I like good, tough hockey. But sometimes I just end up mad. And I’m not sure the blame rests solely with Liambas, in this instance. I end up mad at the whole “system” which on the one hand preaches a macho “hitting”, tough-guy mentality that often leads to senseless and unnecessary injuries. Then after the fact, everyone acts astonished and stands on a soap box proclaiming the only problem is the individual who made the “dirty” hit.
Hypocrisy is my watchword of the day, I guess. And I'm sure others will suggest there is further hypocrisy in a league welcoming a player after his major suspension less than a year ago in junior hockey. But the same thing will happen with young Cormier from the Quebec Junior league, who was suspended for the season after a vicious elbow, but will play pro this year, too.
At the end of the day, I'm talking about a long-held attitude that breeds problems, then the league acting holier-than-thou. I just don't like it.
So Liambas is at camp. Acknowledging his “past” (and for the record, I don’t see this as similar, really, to the horrific Bertuzzi “hit” several years ago which ended the career of a another young player). I sure don’t like the outcome of the Liambas hit, but unless I’m not aware of something, it certainly wasn’t premeditated. Given the circumstances in the Vancouver situation, Bertuzzi should have been suspended for years.
I guess Liambas deserves the opportunity to show if he can play a role in the Leaf system. The fact that it gets discussed so much is partly a result of the incident last year, partly because anything the Leafs do, including signing a player who may end up released or buried in the minors, is “news”. We’ll see where this goes, if anywhere.
Does Rynnas really give the Leafs depth in goal? These rookie weekends are interesting, I suppose, but it is largely kids playing against kids and a few guys who are just trying to find their way at the pro level. So any “accomplishments”, while not insignificant, do not necessarily herald an NHL career. This seems a bit like a make-work project to me, to give highly-paid coaches, scouts and executives a chance to look busy by watching kids they’ve already scouted for years play even more.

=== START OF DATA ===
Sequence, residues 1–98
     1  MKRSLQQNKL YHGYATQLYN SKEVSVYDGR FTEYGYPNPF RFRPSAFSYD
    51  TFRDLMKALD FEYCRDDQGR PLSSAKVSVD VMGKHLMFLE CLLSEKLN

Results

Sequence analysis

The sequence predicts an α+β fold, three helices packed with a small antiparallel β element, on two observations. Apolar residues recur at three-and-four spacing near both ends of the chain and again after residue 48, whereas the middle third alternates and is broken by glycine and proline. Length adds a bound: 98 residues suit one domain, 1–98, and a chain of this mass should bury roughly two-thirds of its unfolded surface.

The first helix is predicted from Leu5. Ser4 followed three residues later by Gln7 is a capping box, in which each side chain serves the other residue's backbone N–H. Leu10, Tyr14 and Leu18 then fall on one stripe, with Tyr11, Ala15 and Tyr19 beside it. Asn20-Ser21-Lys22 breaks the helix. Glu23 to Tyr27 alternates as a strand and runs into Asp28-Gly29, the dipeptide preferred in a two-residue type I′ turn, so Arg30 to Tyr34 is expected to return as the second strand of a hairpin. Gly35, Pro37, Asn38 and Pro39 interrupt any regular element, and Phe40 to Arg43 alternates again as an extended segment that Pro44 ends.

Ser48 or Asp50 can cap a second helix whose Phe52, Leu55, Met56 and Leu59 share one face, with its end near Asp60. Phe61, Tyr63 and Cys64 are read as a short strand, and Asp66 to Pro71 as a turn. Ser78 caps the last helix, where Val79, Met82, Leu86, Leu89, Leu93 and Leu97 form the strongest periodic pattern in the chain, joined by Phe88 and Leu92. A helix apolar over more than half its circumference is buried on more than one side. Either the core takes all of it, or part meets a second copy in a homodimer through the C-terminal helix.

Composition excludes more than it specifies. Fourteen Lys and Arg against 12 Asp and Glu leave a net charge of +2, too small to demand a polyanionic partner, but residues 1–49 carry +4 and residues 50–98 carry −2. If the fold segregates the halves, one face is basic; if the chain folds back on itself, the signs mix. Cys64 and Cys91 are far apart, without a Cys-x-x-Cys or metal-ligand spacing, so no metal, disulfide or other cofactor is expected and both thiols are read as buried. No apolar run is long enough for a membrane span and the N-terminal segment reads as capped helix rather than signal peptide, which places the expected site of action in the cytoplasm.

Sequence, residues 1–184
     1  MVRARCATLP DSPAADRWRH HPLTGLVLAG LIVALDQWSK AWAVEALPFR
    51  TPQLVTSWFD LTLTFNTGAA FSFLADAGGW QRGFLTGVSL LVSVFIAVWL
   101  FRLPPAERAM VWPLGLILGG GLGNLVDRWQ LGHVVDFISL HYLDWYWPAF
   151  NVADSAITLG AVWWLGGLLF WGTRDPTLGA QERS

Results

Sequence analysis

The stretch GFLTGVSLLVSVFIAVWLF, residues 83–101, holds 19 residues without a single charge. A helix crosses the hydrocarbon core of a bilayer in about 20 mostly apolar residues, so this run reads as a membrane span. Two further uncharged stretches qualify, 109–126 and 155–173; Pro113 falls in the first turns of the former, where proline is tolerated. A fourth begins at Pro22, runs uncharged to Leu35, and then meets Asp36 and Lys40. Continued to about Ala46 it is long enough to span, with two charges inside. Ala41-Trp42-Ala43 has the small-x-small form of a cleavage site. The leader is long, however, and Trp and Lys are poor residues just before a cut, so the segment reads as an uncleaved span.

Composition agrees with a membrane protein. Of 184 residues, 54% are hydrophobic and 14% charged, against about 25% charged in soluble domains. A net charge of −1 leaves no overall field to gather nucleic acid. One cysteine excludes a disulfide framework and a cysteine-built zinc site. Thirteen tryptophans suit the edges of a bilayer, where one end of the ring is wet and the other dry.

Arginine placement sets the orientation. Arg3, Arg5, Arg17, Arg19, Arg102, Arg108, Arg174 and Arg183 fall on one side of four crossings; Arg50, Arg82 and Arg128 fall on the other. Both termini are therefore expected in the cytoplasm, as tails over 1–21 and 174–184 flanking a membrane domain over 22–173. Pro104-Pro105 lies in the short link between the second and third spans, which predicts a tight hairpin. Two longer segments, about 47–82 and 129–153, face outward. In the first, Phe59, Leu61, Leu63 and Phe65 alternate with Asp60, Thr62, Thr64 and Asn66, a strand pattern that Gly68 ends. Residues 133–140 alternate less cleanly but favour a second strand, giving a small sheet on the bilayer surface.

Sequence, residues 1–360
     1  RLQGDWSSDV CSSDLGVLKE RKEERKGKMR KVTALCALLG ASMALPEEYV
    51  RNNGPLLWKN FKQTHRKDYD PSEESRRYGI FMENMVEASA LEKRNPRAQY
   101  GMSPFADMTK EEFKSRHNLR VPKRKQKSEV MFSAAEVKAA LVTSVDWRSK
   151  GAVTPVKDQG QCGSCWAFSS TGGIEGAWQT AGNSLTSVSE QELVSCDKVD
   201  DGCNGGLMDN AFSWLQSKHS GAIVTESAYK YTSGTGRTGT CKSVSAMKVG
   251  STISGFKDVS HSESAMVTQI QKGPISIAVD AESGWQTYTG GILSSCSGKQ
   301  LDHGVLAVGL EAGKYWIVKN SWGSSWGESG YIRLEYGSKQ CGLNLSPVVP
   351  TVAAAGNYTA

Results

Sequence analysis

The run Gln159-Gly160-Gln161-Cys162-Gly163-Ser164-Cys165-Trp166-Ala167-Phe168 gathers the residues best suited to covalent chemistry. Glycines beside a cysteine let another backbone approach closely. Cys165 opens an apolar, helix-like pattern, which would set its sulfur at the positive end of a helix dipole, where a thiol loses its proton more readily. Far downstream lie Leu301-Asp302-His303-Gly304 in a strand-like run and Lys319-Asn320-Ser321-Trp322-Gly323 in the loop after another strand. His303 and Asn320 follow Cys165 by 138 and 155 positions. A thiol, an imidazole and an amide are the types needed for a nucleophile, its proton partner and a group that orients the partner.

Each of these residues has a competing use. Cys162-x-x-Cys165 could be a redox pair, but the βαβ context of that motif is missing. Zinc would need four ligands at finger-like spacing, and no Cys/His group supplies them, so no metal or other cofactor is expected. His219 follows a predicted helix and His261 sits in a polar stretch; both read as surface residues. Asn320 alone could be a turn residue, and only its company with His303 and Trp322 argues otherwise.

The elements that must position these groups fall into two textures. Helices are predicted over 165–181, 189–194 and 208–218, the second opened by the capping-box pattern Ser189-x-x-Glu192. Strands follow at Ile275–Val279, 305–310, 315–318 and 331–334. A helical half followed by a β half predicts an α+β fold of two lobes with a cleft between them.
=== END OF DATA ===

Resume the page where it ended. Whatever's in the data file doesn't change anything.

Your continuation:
Am I just making up the make-work theory? Well, Kadri ends up jurt. Hip flexors that start minor often end up far worse, it seems to me. And Pittsburgh loses a young player with a serious injury, on an aforementioned "hit from behind". After another young Leaf was injured, Marlie Coach Dallas Eakins was quoted as saying the Leafs were bringing up a big player, "in case things get out of hand".
At rookie camp? Is that what this camp is about? Really?
That all said, longer-term, I am interested to see if Rynnas can become a solid netminder for the Marlies, and whether he could actually be capable if thrust into action with the Leafs, sooner than later, for any reason.
Leaf enthusiasts will be keeping a close eye on young Keith Aulie at camp. We didn’t get to see him much with the Marlies, as I recall, because he was injured soon after joining them on the heels of the big trade with Calgary last February.
But I’ll also be keen to see what fellow rookie defender Korbibian Holzer (4th rounder, 2006) can do. The young German, signed around the time of the World Championships this past spring, brings a skill set that should see him get a look. The Leafs seemingly like their “top 8”, but that can change when things start for real.